Metal vs. plastic
Plastic hoppers are more common than steel because the ability to form and mold plastic to difficult shapes allows an economical solution to creating hopper geometry that will benefit the operator. "Extended pour lips, angular dumping slope, curved and formed splash protection are molded features that facilitate material transport and placement," says Wenzel at Stone. "Additional aesthetic considerations can be achieved in plastic such as dent/rust prevention as well as curb appeal."
There is a place for metal hoppers, however, particularly in the demolition/cleanup application. "Poly tubs are easier to keep clean, but some applications like demolition debris cleanup, could damage poly," says Lowe at Crown.
Other hopper designs that allow for an easy transformation from a hopper to a flatbed increases utilization of the machine, Wenzel notes. "This feature allows the operator to quickly transition from the traditional material transport to a flatbed so that flat or stacked items can be transported," he says. "This feature requires no tools to complete the transformation."
Tires vs. tracks
Conventional rubber-tired buggies work best on dry, compacted surfaces free of ruts or potholes and large rocks or other debris, says Russell at Miller Spreader. Track buggies are designed to work in muddy, wet/slippery or rutted surfaces. The tracks increase the surface area in contact with the ground by approximately 400 percent, he says. This increase in surface area is analogous to walking through deep snow on snowshoes vs. boots. The increased surface area also allows a tracked buggy to climb steeper inclines than a rubber-tired buggy.
Russell notes that the steel tracks will mar concrete when the track buggy is operated on a concrete surface. A track buggy is also approximately 70 percent more expensive than a rubber-tired buggy.
You want a power buggy in your fleet that is well built to take all the abuse that a concrete contractor can dish out. It also needs to be easy to service and to operate. Russell at Miller Spreader says there are three areas to focus on when looking for a quality machine: construction, convenience and safety.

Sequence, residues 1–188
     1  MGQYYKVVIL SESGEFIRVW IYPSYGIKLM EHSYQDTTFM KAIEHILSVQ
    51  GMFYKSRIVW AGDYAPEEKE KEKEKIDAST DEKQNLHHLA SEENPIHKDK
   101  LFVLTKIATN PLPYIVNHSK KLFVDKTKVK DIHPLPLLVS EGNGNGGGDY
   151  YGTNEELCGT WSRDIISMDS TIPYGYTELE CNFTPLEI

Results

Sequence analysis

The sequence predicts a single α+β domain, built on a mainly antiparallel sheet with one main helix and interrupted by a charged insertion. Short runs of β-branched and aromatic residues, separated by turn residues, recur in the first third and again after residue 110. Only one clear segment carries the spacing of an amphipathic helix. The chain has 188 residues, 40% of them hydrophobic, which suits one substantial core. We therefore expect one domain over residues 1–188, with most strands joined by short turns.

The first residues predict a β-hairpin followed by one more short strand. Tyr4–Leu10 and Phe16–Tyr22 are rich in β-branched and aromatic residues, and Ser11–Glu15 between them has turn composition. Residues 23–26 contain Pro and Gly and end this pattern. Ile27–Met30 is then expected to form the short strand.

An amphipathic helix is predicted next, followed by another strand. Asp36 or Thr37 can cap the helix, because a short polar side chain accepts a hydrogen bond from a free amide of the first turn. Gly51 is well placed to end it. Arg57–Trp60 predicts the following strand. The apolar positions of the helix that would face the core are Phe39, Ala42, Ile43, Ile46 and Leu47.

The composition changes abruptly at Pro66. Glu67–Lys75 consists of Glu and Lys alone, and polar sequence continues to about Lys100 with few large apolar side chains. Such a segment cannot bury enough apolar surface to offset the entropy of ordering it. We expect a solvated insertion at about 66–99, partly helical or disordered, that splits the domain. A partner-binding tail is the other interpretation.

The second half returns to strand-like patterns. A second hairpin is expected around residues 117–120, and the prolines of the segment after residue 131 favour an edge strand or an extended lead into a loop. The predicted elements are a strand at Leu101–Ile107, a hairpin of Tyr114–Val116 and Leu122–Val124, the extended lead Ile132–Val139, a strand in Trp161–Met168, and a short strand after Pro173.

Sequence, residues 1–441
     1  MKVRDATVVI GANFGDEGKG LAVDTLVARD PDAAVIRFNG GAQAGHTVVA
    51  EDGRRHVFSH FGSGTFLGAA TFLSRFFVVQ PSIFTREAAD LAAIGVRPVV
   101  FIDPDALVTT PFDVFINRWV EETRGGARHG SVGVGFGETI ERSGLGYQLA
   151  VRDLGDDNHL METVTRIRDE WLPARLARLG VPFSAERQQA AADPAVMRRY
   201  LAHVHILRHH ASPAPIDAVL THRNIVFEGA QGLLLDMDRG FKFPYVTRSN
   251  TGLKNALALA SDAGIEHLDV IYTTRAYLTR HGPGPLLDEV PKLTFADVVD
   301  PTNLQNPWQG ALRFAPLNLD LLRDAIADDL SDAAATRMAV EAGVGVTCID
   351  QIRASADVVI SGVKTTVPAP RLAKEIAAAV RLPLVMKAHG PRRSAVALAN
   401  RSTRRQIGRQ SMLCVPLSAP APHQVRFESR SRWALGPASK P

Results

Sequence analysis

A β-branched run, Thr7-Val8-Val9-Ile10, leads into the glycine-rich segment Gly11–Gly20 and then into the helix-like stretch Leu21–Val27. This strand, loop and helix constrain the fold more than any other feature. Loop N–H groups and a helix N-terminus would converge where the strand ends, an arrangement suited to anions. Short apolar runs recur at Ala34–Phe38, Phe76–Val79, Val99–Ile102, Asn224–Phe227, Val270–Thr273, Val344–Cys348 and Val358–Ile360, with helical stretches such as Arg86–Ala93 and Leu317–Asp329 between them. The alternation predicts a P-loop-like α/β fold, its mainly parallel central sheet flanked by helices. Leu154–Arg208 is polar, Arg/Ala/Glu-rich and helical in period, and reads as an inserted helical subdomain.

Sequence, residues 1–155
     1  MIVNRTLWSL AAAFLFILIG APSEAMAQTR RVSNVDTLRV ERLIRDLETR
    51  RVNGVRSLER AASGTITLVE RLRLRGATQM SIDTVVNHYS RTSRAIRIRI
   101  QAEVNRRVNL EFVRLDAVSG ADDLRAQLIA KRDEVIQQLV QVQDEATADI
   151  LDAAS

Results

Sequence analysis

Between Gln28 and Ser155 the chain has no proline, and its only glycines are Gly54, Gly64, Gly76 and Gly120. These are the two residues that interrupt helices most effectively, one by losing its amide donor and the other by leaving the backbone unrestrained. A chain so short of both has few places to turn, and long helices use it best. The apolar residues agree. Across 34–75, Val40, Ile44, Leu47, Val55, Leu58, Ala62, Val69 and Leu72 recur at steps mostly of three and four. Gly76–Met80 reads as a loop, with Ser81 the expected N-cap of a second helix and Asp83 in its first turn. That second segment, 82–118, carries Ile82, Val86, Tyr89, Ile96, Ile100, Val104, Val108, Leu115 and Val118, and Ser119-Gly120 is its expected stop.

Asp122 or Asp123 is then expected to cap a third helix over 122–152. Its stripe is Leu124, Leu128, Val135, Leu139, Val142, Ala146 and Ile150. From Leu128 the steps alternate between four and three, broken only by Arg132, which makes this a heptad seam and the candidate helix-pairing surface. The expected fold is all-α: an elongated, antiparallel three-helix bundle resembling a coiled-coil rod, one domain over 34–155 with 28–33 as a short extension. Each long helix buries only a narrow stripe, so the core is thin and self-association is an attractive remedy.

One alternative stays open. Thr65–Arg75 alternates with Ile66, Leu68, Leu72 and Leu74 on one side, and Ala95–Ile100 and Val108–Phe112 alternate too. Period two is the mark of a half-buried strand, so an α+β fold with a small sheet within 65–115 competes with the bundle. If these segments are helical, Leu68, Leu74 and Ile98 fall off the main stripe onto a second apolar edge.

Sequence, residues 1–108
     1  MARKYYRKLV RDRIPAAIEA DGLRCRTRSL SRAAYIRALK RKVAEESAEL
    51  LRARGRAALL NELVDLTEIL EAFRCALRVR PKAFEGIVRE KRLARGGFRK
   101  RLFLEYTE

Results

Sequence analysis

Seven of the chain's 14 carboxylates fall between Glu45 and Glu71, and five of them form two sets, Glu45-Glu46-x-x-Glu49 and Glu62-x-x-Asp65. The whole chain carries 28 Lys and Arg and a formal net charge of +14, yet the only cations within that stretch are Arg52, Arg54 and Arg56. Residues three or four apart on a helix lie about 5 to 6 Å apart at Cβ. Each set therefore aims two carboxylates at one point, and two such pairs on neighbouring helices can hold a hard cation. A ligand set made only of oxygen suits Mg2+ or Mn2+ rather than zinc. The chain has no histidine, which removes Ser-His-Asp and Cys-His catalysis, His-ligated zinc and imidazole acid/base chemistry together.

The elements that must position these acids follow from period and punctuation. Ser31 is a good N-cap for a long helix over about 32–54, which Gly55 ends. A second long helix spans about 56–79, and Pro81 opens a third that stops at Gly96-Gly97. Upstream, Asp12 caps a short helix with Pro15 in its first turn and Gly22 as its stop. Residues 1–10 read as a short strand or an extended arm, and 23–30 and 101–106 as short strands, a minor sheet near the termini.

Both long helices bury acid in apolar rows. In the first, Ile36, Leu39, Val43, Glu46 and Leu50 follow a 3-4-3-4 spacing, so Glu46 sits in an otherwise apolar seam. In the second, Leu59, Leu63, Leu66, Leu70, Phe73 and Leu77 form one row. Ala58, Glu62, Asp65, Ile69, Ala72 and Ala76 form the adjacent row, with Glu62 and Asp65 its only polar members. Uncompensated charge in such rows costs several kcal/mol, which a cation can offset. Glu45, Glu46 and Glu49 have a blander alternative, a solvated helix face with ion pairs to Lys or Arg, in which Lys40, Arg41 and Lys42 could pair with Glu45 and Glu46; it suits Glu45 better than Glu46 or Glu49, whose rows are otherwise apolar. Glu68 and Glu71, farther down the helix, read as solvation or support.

With regard to construction, some areas to examine include:
Main frame — Frames constructed of solid steel vs. tubular steel are stronger. They also provide a lower center of gravity which improves stability. Additionally, Russell notes, solid-steel frames provide more weight over the front drive wheels for better traction.
Hydraulic components — Make sure the hydraulic motors, pumps, valves and hoses are protected but accessible for servicing.
Console — Consoles made of steel are the strongest and most durable. The thicker the steel, the more durable and longer lasting the console will be. Some manufacturers use a plastic tank to connect the side panels of the console. The plastic gas tank cannot provide the strength or rigidity of steel. Buggies of this design are particularly susceptible to developing stress cracks in the console side panels.
Steering handle — A solid-steel steering handle bolted to the steering column with two bolts at 90 degrees is stronger than a steering handle made of tube and held to the column with a roll pin.
Simplicity of design — The fewer parts required to perform the function reduces the number of parts that could break or require servicing and adjustment. Look for a buggy with a simple design and you will end up with a buggy that will provide years of service with minimal maintenance cost.
Where convenience is concerned, the following are things to consider:
- Ease of access to the hydraulic components for servicing
- Number and location of tie-downs
- Operator's ease of use of the controls
And lastly, for optimum safety, the power buggy should:
- Meet applicable ASME standards
- Have safety and operating instructions in both English and Spanish
- Have "on board" storage for the operator and safety manuals
Despite the simplicity of what power buggies have to offer on the jobsite, there are many things to consider when choosing the right one for your fleet. Start by analyzing what your buggy will be used for and you will be on the right track toward making the best choice.
Jenny Lescohier is an editor with Cygnus Business Media.